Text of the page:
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Viburnum Diseases

snowball tree image by Aleksey Trefilov from

Viburnum, also known as nannyberry or American cranberry bush, grows as a shrub or small tree. Native to the eastern United States and hardy through U.S. Department of Agriculture Zone 2, viburnum’s attractions include glossy, dark-green leaves and clusters of white flowers. In the fall, the flowers give way to bright berries that change hues, going from green to yellow to red and then black. Viburnum is resistant to many serious diseases, although some fungi and bacteria can attack the species.

Leaf Spot

Various fungi, including the anthracnose fungus, can cause viburnum leaves to develop black, sunken lesions. The lesions can spread across the leaf surface and eventually dry up and turn red or grayish-brown. Joey Williamson, Clemson University Horticulture Extension agent, says fungal leaf spots are a common, but usually not serious, issue for viburnum, especially during periods of high humidity or rainfall. Williamson advises planting viburnum far enough apart to provide good air circulation around the leaves.

In addition, to guard against leaf spot, avoid watering the plants from above to keep leaves as dry as possible. Pluck off diseased leaves still on the plants and dispose of fallen leaves to keep the disease from spreading. Fungicide sprays that contain chlorothalonil, thiophanate-methyl, myclobutanil or mancozeb also can help control leaf spot.

Powdery Mildew

Another fungal disease, powdery mildew attacks new leaves and shoots, leaving behind a white or grayish powder on the upper surface of leaves. Watch for this disease in summer, when the conditions ideal to its development—high humidity, warm days and cool nights--exist. If it progresses, powdery mildew can deform leaves. Follow the same precautions used to prevent leaf spot, Clemson’s Williamson advises. Myclobutanil, triadimefon, triforine or horticultural oil are among the fungicides that can control powdery mildew.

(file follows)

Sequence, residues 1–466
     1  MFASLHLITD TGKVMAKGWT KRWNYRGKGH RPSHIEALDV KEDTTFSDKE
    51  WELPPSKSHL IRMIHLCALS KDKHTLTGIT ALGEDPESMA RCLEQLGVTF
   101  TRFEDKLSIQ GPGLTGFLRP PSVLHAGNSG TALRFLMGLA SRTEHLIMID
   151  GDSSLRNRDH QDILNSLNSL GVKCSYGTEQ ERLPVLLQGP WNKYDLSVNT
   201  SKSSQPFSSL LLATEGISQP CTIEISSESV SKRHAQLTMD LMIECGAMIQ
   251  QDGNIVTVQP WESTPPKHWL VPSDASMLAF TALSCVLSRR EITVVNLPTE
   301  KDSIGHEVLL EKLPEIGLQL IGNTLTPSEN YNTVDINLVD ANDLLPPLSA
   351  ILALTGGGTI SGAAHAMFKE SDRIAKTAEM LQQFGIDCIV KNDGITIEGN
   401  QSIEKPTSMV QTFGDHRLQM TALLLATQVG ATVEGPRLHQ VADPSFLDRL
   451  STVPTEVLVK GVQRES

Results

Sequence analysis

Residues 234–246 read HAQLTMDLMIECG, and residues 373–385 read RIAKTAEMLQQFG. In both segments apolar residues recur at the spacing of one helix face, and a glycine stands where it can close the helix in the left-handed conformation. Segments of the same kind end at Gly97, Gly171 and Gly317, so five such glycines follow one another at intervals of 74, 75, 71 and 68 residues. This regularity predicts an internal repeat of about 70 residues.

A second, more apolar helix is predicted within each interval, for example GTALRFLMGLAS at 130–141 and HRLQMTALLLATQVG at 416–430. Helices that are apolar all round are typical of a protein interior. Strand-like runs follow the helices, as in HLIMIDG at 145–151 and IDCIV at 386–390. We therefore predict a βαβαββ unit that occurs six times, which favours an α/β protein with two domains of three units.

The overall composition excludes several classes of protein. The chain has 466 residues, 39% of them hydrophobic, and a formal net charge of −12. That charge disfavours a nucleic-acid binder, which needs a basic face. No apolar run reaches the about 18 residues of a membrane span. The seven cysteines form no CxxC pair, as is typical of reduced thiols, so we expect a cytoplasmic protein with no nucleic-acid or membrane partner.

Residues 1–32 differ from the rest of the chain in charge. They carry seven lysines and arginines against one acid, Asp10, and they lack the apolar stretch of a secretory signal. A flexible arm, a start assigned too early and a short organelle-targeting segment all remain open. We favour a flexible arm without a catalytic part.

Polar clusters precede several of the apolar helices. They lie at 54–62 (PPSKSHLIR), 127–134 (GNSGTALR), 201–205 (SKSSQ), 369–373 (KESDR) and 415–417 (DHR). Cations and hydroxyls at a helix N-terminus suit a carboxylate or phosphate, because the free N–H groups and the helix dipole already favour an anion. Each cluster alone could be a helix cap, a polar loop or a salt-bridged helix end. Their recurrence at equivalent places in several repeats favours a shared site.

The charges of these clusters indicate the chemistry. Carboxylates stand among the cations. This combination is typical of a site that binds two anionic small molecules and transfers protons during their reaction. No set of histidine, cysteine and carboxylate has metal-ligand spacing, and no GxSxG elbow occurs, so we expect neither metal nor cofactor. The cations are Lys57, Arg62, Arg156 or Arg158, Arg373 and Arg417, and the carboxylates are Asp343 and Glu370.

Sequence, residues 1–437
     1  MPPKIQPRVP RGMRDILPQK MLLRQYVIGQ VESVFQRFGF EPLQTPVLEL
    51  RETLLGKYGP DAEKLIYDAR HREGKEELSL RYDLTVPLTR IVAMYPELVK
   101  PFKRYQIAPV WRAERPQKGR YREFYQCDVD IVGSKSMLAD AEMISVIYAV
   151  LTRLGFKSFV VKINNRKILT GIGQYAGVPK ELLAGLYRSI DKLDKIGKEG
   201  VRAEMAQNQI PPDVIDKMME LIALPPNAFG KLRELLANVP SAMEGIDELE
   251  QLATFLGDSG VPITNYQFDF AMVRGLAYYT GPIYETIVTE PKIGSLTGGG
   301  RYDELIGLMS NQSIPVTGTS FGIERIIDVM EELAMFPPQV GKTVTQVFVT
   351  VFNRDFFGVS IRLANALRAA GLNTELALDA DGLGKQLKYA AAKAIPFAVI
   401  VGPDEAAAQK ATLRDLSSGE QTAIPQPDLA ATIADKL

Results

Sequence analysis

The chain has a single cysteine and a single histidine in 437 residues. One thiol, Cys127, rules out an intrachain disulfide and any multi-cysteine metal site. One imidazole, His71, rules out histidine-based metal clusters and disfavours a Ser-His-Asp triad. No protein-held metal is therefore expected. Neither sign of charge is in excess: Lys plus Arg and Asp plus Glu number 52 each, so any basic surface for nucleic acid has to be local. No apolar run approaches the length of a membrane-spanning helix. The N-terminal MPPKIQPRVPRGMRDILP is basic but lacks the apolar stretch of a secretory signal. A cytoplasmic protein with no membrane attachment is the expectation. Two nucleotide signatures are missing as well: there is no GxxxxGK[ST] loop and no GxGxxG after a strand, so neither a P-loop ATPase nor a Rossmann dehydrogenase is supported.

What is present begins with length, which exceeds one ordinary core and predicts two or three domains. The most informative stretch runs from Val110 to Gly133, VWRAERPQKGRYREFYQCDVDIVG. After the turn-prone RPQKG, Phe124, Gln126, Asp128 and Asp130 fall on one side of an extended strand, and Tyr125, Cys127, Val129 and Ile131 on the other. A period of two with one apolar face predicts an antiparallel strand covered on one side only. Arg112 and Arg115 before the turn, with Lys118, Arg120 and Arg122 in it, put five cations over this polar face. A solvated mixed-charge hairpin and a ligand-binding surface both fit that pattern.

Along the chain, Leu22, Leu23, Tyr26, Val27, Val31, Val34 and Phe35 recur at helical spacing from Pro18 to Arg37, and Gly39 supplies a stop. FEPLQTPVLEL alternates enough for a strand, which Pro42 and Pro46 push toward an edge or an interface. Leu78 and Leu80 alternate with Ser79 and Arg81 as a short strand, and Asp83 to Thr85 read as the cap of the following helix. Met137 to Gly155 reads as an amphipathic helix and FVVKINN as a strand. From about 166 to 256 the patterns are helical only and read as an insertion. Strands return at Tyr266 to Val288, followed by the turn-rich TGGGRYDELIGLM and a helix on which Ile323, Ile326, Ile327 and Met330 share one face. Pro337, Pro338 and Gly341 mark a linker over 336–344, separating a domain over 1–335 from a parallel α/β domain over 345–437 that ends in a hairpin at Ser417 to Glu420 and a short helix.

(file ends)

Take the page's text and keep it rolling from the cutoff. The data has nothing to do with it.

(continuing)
Downy Mildew

Downy mildew appears both as light green lesions or blotches on the upper leaf surfaces and a white powder on the lower leaf surfaces, according to the Ohio State Extension service. The lesions turn red and then brown, then dry out. The disease can cause leaves to drop off the viburnum. The powdery mildew fungus prefers wet conditions and cool or warm weather. Since the mildew spores can survive through the winter, gardeners should clean up any fallen leaves or plant debris regularly. A fungicide containing mancozeb or chlorothalonil is effective against downy mildew.

Bacterial Blight

Various strains of Pseudomonas syringae cause this disease. The symptoms include small black spots or large brown spots on leaves, blackened leaf veins and dead blossoms and stem tips. Some plants may develop stem lesions or cankers that ooze liquid. Blight bacteria prefer wet conditions, including rainy springtime weather. Proper spacing and regular pruning can help prevent bacterial blight.

To keep the disease from spreading, cover small plants with plastic, the University of California’s Integrated Pest Management Program (IPM) advises. Sprays are not effective against the disease, according to IPM.

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